Songs of Jamaica (1912)

Fetchin’ Water

Watch how dem touris’ like fe look
Out ‘pon me little daughter,
Whenever fe her tu’n[1] to cook
Or fetch a pan of water:
De sight look gay;
Dat is one way,
But I can tell you say,[2]
‘Nuff rock’tone in de sea, yet none
But those ‘pon lan’ know ’bouten sun.[3]

De pickny comin’ up de hill,
Fightin’ wid heavy gou’d,[4]
Won’t say it sweet him, but he will
Complain about de load:
Him feel de weight,
Dem watch[5] him gait;
It’s so some of de great
High people fabour t’ink[6] it sweet
Fe batter[7] in de boilin’ heat.

Dat boy wid de karásene pan,[8]
Sulky down to him toe,
His back was rollin’ in a san’,[9]
For him pa mek him crow:[10]
Him feel it bad,
Near mek him mad,
But teach him[11] he’s a lad;
Go disobey him fader wud,[12]
When he knows dat his back would sud![13]

But Sarah Jane she wus ‘an all,
For she t’row ‘way[14] de pan,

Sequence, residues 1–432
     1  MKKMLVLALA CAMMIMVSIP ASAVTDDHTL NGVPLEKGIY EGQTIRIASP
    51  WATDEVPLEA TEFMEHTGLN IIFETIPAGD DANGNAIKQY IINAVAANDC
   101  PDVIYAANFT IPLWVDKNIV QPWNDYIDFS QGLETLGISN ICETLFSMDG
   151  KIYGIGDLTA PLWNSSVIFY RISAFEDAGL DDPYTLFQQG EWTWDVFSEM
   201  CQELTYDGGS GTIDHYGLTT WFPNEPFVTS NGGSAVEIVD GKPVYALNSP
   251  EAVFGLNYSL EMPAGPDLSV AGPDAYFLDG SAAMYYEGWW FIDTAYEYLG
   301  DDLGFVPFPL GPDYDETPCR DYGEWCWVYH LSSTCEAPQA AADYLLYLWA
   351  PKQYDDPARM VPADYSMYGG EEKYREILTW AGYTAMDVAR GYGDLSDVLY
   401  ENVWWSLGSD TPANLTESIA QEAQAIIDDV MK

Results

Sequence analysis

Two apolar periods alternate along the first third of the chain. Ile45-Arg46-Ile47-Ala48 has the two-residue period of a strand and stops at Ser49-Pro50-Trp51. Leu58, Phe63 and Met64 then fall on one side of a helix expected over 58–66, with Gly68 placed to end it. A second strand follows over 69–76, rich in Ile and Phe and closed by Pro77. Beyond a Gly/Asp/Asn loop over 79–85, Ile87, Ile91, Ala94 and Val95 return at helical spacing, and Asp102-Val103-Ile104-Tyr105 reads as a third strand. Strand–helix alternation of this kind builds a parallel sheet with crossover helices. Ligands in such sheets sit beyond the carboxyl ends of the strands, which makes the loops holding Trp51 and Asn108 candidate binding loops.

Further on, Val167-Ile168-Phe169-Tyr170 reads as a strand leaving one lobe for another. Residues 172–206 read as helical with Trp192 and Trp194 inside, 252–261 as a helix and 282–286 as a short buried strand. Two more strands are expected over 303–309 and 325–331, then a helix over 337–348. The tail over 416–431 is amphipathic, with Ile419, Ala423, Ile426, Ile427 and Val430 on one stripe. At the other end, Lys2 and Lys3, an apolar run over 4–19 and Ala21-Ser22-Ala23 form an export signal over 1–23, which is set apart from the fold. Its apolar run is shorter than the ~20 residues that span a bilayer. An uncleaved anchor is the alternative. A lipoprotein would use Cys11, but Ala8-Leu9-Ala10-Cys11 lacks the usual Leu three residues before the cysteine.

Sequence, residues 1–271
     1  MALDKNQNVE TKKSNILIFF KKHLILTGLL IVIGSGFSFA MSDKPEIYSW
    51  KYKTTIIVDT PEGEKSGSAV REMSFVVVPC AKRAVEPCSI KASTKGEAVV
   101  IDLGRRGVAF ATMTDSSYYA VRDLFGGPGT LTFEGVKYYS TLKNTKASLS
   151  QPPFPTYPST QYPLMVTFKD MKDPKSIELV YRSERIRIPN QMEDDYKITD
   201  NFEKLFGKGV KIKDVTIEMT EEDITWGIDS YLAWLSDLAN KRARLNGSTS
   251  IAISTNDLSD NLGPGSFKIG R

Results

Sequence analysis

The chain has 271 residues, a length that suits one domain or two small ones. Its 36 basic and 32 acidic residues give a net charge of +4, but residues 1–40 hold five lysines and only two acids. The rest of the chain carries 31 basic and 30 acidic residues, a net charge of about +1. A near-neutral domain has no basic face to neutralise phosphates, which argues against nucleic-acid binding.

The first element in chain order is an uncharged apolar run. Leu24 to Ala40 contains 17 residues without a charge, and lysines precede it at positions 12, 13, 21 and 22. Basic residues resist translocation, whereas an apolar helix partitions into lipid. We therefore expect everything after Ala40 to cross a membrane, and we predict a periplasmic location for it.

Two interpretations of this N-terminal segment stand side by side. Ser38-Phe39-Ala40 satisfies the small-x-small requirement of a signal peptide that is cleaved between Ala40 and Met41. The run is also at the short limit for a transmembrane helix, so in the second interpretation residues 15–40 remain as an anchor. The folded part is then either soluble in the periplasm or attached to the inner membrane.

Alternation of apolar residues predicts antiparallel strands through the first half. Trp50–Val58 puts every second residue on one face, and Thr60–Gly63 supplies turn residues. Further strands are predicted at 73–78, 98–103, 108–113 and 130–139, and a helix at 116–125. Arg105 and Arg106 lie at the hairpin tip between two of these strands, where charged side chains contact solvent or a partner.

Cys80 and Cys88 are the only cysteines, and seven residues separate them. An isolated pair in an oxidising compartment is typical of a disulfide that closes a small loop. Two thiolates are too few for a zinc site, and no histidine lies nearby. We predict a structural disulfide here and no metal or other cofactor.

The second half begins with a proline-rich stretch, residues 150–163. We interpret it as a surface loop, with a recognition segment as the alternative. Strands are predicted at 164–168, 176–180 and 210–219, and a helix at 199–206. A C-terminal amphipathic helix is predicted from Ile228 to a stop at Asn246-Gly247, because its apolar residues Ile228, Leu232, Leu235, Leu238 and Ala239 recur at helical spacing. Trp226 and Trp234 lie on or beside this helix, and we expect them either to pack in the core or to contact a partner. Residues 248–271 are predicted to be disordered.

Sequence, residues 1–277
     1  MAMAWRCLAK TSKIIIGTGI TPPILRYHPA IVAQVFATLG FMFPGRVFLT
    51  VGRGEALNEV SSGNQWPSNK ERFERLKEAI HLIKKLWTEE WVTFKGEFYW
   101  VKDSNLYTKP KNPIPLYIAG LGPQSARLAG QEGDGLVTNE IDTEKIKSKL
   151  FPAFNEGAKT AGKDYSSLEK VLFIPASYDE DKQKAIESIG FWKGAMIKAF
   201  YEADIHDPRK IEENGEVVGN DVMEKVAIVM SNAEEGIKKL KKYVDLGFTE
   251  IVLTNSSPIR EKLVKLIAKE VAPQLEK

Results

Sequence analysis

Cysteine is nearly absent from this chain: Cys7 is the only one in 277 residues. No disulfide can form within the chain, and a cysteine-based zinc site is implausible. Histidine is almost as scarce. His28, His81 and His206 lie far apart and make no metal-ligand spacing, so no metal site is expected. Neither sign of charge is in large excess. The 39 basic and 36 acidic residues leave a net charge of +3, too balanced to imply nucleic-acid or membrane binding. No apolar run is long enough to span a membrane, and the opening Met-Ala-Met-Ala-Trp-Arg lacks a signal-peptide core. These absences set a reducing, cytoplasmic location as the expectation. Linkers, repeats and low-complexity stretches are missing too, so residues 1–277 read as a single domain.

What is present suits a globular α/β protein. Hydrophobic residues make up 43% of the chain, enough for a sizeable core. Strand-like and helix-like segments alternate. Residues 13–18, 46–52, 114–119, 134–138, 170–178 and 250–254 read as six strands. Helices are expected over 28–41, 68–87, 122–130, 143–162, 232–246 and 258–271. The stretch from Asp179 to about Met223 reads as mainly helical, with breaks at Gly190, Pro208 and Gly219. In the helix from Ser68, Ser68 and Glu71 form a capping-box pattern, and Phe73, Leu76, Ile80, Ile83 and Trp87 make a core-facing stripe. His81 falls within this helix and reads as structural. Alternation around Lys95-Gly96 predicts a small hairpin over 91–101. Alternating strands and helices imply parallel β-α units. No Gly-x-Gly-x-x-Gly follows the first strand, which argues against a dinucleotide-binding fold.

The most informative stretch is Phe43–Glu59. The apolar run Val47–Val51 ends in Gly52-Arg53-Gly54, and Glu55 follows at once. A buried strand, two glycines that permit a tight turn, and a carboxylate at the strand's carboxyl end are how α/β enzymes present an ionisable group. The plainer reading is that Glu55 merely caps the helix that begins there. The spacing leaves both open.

An’ jam her back agains’ de wall
Fe fight her mumma Fan:
Feelin’ de pinch,
She mek a wrinch
An’ get ‘way; but de wench
Try fe put shame upon her ma,
Say dat she cook de bittle raw.[15]

Dis water-fetchin’ sweet dem though
When day mek up dem min’,
An’ ’nuff o’ dem ‘tart out fe go,
An’ de weader is fine:
De pan might leak,
Dem don’t a ‘peak,
Nor eben try fe seek
Some clay or so[16] to mek it soun’;
Dem don’t care ef dem wet all roun’.

Dén all ’bout de road dem ‘catter
Marchin’ álong quite at ease;
Dat time listen to deir chatter,
Talkin’ anyt’ing dem please:
Dem don’t a fear,
Neider a care,
For who can interfere?
T’ree mile — five, six tu’n, — an’ neber[17]
W’ary, but could do it[18] for eber.

  1. It is her turn
  2. The 'say' is redundant
  3. In allusion to the Jamaica proverg, 'Rock'tone (stone) a river bottom no feel sun hot'
  4. Struggling under his head-load—a gourd (calabash) filled with water
  5. The tourists watch his upright carriage
  6. Favour think = seem to think
  7. Labour and sweat; toil and moil
  8. The favourite receptacle for water is a four-gallon kerosene tin (pan)
  9. In the sand
  10. Cry out
  11. But it will teach him
  12. What? —disobey his father's orders
  13. Get a lathering
  14. Threw down
  15. Said that she cooked the victual raw, i.e., only half cooked it
  16. Or something
  17. For rhythm, read thus: T'ree mile — five, six — tu'n, an — neber
  18. Pronounce dweet


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This work (Poems by Claude McKay by Claude McKay) is free of known copyright restrictions.